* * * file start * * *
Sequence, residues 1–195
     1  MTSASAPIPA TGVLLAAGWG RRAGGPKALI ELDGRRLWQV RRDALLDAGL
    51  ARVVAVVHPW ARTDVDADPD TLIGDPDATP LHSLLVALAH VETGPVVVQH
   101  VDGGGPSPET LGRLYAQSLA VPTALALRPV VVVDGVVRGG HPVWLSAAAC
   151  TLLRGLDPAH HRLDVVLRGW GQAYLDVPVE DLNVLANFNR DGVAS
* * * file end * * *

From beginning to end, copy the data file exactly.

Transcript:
Sequence, residues 1–195
     1  MTSASAPIPA TGVLLAAGWG RRAGGPKALI ELDGRRLWQV RRDALLDAGL
    51  ARVVAVVHPW ARTDVDADPD TLIGDPDATP LHSLLVALAH VETGPVVVQH
   101  VDGGGPSPET LGRLYAQSLA VPTALALRPV VVVDGVVRGG HPVWLSAAAC
   151  TLLRGLDPAH HRLDVVLRGW GQAYLDVPVE DLNVLANFNR DGVAS